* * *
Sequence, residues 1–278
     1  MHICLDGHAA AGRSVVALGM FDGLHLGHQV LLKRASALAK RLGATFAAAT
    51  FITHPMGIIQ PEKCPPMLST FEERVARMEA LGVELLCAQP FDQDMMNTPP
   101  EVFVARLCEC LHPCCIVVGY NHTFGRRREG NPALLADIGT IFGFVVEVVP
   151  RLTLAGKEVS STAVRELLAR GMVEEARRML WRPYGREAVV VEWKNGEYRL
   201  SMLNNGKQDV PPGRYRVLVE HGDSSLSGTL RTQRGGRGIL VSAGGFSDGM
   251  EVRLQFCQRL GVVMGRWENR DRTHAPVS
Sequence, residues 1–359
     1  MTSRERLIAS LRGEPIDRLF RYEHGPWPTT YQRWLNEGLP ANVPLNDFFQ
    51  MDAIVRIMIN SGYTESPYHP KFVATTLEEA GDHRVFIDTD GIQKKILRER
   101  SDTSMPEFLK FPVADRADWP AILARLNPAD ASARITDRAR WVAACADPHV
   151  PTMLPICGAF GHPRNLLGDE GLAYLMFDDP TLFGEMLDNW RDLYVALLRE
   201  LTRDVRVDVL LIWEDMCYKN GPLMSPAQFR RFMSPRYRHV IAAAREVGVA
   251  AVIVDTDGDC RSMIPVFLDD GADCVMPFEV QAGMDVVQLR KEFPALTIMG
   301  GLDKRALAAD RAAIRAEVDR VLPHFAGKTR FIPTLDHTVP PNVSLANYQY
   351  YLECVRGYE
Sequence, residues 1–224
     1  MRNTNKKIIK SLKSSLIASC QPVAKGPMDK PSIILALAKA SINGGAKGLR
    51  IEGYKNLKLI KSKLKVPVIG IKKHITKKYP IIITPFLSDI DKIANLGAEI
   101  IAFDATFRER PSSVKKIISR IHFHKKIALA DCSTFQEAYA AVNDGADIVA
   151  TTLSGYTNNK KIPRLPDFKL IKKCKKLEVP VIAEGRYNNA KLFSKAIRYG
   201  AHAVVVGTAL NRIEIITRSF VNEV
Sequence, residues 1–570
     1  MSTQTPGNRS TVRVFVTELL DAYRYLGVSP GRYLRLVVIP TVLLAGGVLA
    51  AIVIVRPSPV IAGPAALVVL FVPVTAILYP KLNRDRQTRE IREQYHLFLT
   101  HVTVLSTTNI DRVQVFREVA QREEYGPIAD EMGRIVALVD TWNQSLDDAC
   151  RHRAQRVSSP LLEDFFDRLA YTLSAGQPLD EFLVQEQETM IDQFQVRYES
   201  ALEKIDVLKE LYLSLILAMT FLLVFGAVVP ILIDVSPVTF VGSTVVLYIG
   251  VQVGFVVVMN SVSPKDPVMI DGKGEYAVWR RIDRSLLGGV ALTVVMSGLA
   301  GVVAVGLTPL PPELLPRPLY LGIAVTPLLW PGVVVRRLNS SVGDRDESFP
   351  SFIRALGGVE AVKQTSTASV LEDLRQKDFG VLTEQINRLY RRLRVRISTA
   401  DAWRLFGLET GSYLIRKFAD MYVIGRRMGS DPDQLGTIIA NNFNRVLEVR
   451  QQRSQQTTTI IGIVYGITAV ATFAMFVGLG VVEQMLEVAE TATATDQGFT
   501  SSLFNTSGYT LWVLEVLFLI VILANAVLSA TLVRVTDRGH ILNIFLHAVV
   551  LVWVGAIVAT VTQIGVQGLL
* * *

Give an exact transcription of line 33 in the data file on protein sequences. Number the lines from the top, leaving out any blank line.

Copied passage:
   451  QQRSQQTTTI IGIVYGITAV ATFAMFVGLG VVEQMLEVAE TATATDQGFT